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Showing posts from December, 2017

It’s that time of year to reflect on our accomplishments

1 of a 2-part series

By Trish Olson, director of programs

I know you have seen the lists generated: Best Movies of 2017, Best Books of 2017, Best Workplaces of 2017, and on and on. In my role as director of programs, I too, need to reflect and look back on 2017 in order to inform our work in 2018. How do I do this? One way is to look at accomplishments against promises made.

Latino Financial Literacy Team addresses immigration concerns and other emerging issues

By Antonio Alba Meraz and Sara Croymans, Extension educators in family resiliency

University of Minnesota Extension’s Latino Financial Literacy Program (LFLP) helps Latino immigrants in southern Minnesota understand U.S. financial information and systems so participants can make sound financial decisions. Program team members include financial capability educators Gabriela Burk, Dodge County; Jose Lamas, Nobles County; and Francisca Mendoza, McLeod County. They are supported by Antonio Alba Meraz and Sara Croymans, Extension educators in family resiliency. Recently, the Latino Financial Literacy Team has provided special programming to address immigration and related issues.

Family resiliency team piloting parenting classes in Minnesota prisons

By Ellie McCann, Extension educator in family resiliency

A family resiliency team with the Extension Center for Family Development has received a $25,000 grant from the Minnesota Department of Corrections to develop and deliver parenting classes for incarcerated parents and caregivers. I am principal investigator for the team. Other members are family resiliency educators Becky Hagen Jokela, Anita Harris Hering, Lori Hendrickson, and Sharon Powell.

The parenting classes, which began in November, are being offered at three prisons across the state—Stillwater, Oak Park Heights, and Moose Lake. Stillwater and Moose Lake will host three 12-week, two-hour class sessions. Oak Park Heights will host one 12-week, two-hour class session. Classes will continue through June 30, 2018.

FD Family Resiliency Team wins financial community educator award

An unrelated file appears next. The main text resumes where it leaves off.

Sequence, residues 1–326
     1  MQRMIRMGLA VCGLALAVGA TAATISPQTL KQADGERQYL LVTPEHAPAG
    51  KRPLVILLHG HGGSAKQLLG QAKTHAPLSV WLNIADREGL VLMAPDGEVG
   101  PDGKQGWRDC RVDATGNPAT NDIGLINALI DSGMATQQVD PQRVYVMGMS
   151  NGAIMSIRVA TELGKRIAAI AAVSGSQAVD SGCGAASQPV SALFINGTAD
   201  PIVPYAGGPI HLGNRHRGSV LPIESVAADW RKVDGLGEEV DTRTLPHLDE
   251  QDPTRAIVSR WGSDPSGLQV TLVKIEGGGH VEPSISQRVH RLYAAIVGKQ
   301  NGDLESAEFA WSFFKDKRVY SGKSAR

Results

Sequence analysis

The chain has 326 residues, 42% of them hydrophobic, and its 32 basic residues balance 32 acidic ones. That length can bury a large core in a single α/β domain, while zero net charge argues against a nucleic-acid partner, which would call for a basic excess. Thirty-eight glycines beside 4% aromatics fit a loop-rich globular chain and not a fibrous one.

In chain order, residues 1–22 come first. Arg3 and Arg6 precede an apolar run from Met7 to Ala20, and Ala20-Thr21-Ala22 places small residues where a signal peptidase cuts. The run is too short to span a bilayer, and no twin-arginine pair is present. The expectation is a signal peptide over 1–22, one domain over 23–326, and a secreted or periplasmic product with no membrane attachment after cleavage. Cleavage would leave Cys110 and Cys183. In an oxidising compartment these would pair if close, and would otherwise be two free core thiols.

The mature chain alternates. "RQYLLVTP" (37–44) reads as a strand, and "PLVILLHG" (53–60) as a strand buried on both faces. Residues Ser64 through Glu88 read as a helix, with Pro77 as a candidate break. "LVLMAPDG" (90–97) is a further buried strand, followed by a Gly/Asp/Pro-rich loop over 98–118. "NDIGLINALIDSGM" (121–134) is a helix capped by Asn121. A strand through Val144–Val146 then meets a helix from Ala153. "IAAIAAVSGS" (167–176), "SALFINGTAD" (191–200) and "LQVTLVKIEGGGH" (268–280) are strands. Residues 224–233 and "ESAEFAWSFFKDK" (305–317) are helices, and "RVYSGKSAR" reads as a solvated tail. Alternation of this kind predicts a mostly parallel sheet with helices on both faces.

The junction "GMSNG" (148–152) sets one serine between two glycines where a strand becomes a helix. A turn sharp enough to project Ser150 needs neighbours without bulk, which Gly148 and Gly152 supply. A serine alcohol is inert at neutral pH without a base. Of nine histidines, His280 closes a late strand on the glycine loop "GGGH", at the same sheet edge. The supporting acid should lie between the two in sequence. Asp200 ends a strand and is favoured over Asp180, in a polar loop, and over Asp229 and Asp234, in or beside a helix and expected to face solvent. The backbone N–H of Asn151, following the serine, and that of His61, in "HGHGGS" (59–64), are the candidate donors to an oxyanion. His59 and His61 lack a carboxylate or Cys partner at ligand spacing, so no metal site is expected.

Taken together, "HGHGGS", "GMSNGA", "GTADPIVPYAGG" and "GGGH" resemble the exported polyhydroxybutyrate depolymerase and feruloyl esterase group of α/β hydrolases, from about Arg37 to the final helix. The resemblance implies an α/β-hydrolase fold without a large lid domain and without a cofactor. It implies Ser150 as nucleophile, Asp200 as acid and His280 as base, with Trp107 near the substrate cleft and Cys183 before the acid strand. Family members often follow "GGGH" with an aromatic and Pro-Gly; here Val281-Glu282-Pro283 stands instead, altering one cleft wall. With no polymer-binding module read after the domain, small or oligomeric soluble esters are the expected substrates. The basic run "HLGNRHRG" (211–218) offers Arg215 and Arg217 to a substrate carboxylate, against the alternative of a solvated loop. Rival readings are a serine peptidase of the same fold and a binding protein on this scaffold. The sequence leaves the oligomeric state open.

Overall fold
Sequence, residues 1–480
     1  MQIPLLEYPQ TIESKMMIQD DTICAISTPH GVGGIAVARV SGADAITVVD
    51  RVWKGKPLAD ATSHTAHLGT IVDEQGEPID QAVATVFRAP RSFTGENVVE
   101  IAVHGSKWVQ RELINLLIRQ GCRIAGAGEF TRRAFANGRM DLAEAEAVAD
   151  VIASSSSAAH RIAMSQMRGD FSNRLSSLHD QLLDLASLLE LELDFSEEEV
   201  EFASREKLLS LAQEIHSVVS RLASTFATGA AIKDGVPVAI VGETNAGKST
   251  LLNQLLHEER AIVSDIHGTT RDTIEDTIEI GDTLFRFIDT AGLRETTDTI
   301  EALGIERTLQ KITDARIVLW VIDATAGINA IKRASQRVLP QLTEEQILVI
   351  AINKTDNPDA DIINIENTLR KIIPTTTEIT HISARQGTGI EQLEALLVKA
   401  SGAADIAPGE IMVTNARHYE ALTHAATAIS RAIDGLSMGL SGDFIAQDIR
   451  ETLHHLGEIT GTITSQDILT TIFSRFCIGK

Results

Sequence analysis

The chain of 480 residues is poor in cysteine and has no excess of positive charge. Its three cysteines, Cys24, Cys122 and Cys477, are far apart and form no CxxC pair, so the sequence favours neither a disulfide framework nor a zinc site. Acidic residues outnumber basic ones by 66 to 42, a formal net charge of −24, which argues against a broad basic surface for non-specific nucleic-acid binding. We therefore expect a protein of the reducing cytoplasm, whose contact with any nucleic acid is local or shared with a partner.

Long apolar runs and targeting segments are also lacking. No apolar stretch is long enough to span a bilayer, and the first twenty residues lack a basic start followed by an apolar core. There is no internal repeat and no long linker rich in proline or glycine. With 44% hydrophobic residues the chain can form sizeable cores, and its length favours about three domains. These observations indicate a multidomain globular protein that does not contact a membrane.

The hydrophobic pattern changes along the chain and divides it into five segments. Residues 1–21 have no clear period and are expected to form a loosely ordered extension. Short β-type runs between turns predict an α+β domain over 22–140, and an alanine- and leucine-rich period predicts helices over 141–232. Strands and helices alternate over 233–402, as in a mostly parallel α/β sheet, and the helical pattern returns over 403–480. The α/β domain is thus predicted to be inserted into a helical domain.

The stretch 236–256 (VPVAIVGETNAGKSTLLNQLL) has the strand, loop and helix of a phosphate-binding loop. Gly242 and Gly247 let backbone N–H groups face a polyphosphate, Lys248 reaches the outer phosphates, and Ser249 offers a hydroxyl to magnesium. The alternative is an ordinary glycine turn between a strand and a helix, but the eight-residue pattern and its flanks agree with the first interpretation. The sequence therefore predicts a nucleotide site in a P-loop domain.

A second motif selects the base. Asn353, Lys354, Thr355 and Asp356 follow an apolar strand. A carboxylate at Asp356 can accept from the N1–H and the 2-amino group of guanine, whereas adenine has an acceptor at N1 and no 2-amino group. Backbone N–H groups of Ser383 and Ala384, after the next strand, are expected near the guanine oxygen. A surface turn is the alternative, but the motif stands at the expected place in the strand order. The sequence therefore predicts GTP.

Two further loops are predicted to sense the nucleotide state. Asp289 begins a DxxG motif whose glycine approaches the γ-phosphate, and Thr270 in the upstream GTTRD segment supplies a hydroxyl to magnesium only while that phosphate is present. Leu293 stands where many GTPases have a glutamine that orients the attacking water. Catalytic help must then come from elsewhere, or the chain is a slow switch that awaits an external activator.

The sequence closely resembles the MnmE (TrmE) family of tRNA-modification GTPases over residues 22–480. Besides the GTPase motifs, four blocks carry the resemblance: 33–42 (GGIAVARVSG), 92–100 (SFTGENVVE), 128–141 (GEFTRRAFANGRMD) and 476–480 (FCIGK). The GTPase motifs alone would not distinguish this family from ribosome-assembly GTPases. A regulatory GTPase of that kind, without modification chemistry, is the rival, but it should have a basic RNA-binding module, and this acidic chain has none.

By Mary Jo Katras, program leader in family resiliency

The Family Resiliency Team with the Extension Center for Family Development was recently recognized for its sustained commitment and contribution to financial education in Minnesota communities. The team received the 2017 Thrivent Financial Community Educator Award for its Community Mentorship for Financial Capability Program. The award was given at EconFest on Nov. 2 at the Minnesota Landscape Arboretum in Chaska. EconFest is an annual celebration of teachers, students, and communities sponsored by the Minnesota Council on Economic Education.

2017 EconFest! Honored for our team to be receiving the Thrivent Financial Personal Finance Community Educator Award — Mary Jo Katras (@mkatras) November 2, 2017

FD in the News

Here’s a monthly roundup of regional media coverage on the work of Family Development staff and partners.

Minnesota Super Bowl Host Committee Announces 52 Super Snack Challenge Winners
Super Bowl LII Newsroom, Nov. 15, 2017

November was a rewarding month for SNAP-Ed Educator Letica Rodriguez and her grandson, Cristofer Ramirez. First, he was named one of 52 winners of the Super Snack Challenge sponsored by the Minnesota Super Bowl Host Committee. He won based on his recipe for Colorful Black Bean Salad, a recipe Letica teaches many children to make in her SNAP-Ed classes.

Next, he was named one of 10 finalists to compete in the All Pro Chef Event held Nov. 28 at Breaking Bread Café and Catering in Minneapolis.

Cristofer will join his fellow Super Snack Challenge winners at the Minnesota Super Bowl 2018 Super Kids Tailgate Party. There, the winning healthy game day recipe will be chosen from among the 10 All Pro chefs.

Commissioner of Health appoints committee members to health equity …

The Evaluation Elf on the Shelf: Get your 2017 data entered!

Dear Family Development employees,

It’s me, your friendly research associate Emily Becher. As we enter this season of cozy sweaters and delicious food, one of the traditions I’ve started to celebrate with my children is “The Elf on the Shelf.” For those of you who are unfamiliar, this is a small doll with an accompanying book that parents can use around the holiday season to promote good behavior. Parents move the elf around different locations in the house during the night, and in the morning the children find where the elf is now located (usually doing something silly like hanging upside down from the refrigerator or making a sprinkle angel).

The idea is that the elf is watching and reports back to Santa Claus every night on their behavior. Good behavior means good reports to Santa and presents. Bad behavior means bad reports to Santa and no presents. So often in my house from Thanksgiving to Christmas, you will hear me say, “Twirley is watching! What do you think she is going to t…